Secure Passwords Using SSL

If you have ever had to attempt to create a secure password, you may have undoubtedly tried to join together phrases, words and numbers in a seemingly random manner. We've all done it. But did you know that the ability to create secure passwords is no further away than the command line?

Enter the following at a command line prompt in terminal:

openssl rand -base64 6

This will create an eight character password, comprised of 6 random bits of base64-encoded data. Would you like a randomly generated 16 character password? Enter the following at the command line prompt in terminal:

openssl rand -base64 12

When we send random data through the base64 encoding process, the output string length will always be a multiple of four. If there isn't enough random data, "=" will be added to the end of the string to pad it out until the string length is a multiple of four.

So then, what do we do if we want to generate a random 25 character string to use as a WPA key? We will have to chop it off ourselves. Enter the following at the command line prompt in terminal:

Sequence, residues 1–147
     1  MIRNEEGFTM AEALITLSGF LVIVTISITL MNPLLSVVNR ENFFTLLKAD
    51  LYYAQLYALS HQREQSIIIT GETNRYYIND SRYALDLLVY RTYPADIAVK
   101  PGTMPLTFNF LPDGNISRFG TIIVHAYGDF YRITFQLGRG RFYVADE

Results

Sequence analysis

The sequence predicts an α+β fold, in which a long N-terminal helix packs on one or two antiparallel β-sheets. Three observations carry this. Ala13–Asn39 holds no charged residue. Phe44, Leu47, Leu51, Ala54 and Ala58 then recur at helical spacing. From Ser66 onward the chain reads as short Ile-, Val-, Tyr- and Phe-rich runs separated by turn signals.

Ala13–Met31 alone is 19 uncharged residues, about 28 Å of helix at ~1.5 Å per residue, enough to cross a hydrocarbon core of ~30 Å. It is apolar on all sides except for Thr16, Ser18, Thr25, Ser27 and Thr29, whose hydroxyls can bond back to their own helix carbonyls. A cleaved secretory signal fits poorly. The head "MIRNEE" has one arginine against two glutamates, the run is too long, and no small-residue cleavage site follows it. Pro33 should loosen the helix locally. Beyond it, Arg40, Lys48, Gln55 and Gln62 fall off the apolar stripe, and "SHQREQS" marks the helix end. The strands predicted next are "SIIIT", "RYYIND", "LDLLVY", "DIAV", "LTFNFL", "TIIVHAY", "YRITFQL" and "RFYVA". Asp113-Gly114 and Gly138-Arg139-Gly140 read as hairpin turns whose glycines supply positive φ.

openssl rand -base64 25 | cut -c1-25

Be sure to record your newly generated password in a secure place, should you ever forget it. With the number of possibilities, it's astronomically unlikely that you will generate the same password again.

You may also add redirection to the end of the above commands, to save your new password into a file, which can (should) be moved to a secure folder on your computer.

For example, "openssl rand -base64 6 > pass8", will save the generated password into a file, named "pass8". You can name the file whatever you like -- just be sure to move it to the secure folder, to keep it from "prying eyes." After all, there is nothing quite like forgetting your old passwords.